The pupae are pale brownish with a prominent, keeled proboscis, and two sharp spines at the end of the cremaster.They are enclosed in loose silken cocoons among the host plant debris or on the ground among leaf litter.
at rest in a breeding cage,France
The forewings are brown, with black wavy lines across them, andthe hindwings are orange with a black edge. The abdomen is quitebroad, with a fan-tail of setae at the end. The wingspan is40
45 mm.In the southern parts of its range, the Hummingbird Hawk-moth ishighly active even when temperatures are high, and thoracictemperatures above 45 °C have been measured.
This is amongthe highest recorded for hawkmoths, and near the limit for insectmuscle activity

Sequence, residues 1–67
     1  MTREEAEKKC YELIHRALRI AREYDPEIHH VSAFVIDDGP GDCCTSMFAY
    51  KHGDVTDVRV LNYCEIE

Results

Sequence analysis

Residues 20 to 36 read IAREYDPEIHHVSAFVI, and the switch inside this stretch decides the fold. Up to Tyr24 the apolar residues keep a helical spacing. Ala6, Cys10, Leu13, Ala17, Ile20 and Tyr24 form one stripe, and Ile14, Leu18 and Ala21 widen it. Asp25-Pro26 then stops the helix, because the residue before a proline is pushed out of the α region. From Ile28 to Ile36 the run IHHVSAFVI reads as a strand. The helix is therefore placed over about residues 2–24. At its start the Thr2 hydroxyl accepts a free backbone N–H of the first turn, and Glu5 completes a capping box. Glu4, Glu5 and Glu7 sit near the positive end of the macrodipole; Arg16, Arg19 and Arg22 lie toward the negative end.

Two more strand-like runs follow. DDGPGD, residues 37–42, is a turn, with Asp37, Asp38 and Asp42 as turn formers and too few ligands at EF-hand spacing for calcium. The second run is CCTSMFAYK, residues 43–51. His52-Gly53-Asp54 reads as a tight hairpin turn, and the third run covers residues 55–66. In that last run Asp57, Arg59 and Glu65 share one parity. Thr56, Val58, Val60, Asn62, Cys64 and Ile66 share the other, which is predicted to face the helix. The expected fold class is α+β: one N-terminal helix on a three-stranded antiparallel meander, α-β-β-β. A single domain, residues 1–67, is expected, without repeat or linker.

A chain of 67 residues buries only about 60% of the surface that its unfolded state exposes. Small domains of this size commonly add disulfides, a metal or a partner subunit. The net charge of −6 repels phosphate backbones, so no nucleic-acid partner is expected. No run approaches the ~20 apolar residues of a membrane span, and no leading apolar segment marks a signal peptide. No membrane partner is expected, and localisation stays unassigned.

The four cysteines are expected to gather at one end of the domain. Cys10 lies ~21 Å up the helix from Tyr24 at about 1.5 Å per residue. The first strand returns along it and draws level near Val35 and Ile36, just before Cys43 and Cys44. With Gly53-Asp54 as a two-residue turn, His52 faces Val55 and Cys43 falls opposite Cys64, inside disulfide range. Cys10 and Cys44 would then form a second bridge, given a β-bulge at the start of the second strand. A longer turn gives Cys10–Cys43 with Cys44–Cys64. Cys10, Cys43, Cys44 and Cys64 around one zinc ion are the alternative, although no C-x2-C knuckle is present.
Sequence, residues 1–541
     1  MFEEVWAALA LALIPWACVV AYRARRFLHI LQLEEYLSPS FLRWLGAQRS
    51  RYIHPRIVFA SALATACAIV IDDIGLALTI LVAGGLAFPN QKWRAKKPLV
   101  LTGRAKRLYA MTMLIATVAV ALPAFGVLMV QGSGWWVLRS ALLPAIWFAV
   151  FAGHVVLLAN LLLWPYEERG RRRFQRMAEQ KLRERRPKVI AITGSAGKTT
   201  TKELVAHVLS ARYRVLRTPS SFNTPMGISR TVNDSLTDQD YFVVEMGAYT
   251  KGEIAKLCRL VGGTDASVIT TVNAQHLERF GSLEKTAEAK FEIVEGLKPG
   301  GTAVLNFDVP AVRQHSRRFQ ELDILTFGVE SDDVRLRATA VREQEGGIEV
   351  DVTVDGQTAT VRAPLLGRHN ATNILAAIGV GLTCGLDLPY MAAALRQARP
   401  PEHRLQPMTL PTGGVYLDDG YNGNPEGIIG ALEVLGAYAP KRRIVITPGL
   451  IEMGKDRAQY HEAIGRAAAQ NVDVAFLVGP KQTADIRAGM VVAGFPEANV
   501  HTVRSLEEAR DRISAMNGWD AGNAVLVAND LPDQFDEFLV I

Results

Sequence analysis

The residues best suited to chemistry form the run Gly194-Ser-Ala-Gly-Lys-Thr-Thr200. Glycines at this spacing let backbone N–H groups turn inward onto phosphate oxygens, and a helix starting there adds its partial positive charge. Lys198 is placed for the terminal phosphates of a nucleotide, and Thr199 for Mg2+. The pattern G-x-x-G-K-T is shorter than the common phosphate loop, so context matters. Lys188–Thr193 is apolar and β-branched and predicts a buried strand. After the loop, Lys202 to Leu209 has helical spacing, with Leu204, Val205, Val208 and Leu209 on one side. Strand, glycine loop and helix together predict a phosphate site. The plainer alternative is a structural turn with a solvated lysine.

Larvae usually feed on bedstraws or madders (
) but has been recorded on other Rubiaceae and
Adults are particularly fond of flowers with lots of nectar (e.g.
). They are reported to trap-line, i.e. return to the same flower bedsat about the same time each day. This insect pollinates many popular garden flowers which form tube-like organscontaining nectar.
•All life stages pictured
•More photos, and Pittaway's description
Herrera (1992). "Activity pattern and thermal biology of a day-flying hawkmoth (
) under Mediterranean summerconditions".
56. doi:10.1111/j.1365-2311.1992.tb01038.x.Pittaway, AR. (1993).
The Hawkmoths of the Western Palaearctic
. Harley Books, London.Kelber, Almut (1996). "Colour learning in the hawkmoth
J. Exp. Biol.